where ER, EC2, and EC1X are the (unknown) mean hitting times from Recovery, C2, and C1X, respectively. Note that there are three unknowns in the system and three equations.

It is possible to solve the system by hand, but we'd rather just ask a computer to do it for us. Once we have all the expected values, we can compute Strokes Gained statistics as described above.

Enough With the Math. Who Are the Best Putters and Throwers?

All statistics, including Strokes Gained statistics, should be thought of as small parts of the big picture. As such, we really can't use Strokes Gained statistics (or any statistic) to declare an undisputed "best putter" or "best thrower."

Moreover, since the number of strokes gained on the field average is highly dependent on how the field performs during a given round, the notion of "average Strokes Gained" over a series of events is almost meaningless. The best we can do is to compare total or average Strokes Gained statistics for a series of events that a group of players all have in common.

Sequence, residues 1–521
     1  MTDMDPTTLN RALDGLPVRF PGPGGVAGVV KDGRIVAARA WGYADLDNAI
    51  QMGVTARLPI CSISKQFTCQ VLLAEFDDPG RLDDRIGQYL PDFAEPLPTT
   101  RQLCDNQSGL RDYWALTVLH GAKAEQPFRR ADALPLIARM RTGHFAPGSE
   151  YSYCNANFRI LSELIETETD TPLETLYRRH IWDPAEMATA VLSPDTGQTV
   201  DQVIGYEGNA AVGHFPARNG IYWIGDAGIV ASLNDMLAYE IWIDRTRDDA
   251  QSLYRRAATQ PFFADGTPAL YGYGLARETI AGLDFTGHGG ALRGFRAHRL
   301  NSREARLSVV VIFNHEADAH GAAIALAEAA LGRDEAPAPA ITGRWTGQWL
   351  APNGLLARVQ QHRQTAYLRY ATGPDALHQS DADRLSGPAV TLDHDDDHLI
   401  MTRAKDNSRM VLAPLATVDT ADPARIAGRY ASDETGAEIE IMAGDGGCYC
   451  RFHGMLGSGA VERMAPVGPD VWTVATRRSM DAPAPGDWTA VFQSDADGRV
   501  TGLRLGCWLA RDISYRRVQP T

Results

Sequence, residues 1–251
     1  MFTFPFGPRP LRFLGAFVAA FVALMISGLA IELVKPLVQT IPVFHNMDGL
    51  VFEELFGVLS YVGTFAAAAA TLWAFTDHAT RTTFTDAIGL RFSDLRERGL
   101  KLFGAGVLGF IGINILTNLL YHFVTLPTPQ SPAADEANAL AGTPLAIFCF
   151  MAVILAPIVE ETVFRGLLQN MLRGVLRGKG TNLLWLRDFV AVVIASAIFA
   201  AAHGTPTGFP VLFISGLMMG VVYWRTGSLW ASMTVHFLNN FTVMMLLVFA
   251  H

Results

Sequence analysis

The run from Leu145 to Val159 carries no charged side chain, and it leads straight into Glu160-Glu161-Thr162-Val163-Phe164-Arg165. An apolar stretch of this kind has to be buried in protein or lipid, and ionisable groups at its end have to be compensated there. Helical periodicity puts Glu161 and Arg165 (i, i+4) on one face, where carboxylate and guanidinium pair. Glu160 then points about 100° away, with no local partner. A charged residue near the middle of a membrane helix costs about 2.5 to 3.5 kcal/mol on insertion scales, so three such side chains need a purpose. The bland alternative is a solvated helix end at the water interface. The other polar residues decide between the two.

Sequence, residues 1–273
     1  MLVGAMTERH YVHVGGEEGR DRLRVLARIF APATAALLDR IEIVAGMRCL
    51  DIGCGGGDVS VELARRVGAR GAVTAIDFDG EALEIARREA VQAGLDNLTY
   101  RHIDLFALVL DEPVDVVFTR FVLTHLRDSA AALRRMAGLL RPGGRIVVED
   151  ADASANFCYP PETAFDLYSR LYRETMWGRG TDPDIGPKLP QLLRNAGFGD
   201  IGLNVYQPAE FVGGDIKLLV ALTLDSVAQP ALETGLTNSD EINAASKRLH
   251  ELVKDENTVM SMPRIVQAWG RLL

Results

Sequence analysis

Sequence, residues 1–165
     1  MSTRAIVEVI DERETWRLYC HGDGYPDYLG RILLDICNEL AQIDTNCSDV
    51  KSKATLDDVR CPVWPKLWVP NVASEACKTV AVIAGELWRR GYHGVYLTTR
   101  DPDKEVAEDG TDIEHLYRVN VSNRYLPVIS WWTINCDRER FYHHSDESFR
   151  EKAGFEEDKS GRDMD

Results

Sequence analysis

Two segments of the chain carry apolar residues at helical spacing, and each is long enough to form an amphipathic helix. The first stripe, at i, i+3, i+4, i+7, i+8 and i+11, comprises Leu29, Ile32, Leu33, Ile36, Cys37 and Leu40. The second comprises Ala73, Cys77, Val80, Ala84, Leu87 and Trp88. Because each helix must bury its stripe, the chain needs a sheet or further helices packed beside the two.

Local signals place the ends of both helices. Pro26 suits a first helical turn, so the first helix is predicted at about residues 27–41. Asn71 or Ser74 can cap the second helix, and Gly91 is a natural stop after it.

With that disclaimer out of the way, we can still use Strokes Gained statistics to highlight some standout performances by averaging each player's Strokes Gained statistics over all the holes played in a tournament (note that these are averages not totals like you see in the tables above).

Putting Superlatives: Open


Putting Superlatives: Open Women


Throwing Superlative: Open


Throwing Superlative: Open Women

  • Highest Average Strokes Gained From Throwing: 9.99 by Paige Pierce at the 2017 Idlewild Open

Find More Strokes Gained Stats Now on UDisc Live

The reason we have all these stats from past years is we've retroactively applied Strokes Gained to all previous UDisc Live tournaments. Just follow that link, click or tap on the year you see underneath the text "UDisc Live Schedule," and pick the year of the tournament you'd like to explore.

Though we're obviously thrilled to release Strokes Gained, it's not the only innovation we have in store. Keep an eye out for announcements about new additions to UDisc Live, the UDisc app, and UDisc online here on Release Point or make sure to never miss one by signing up for our twice-monthly newsletter.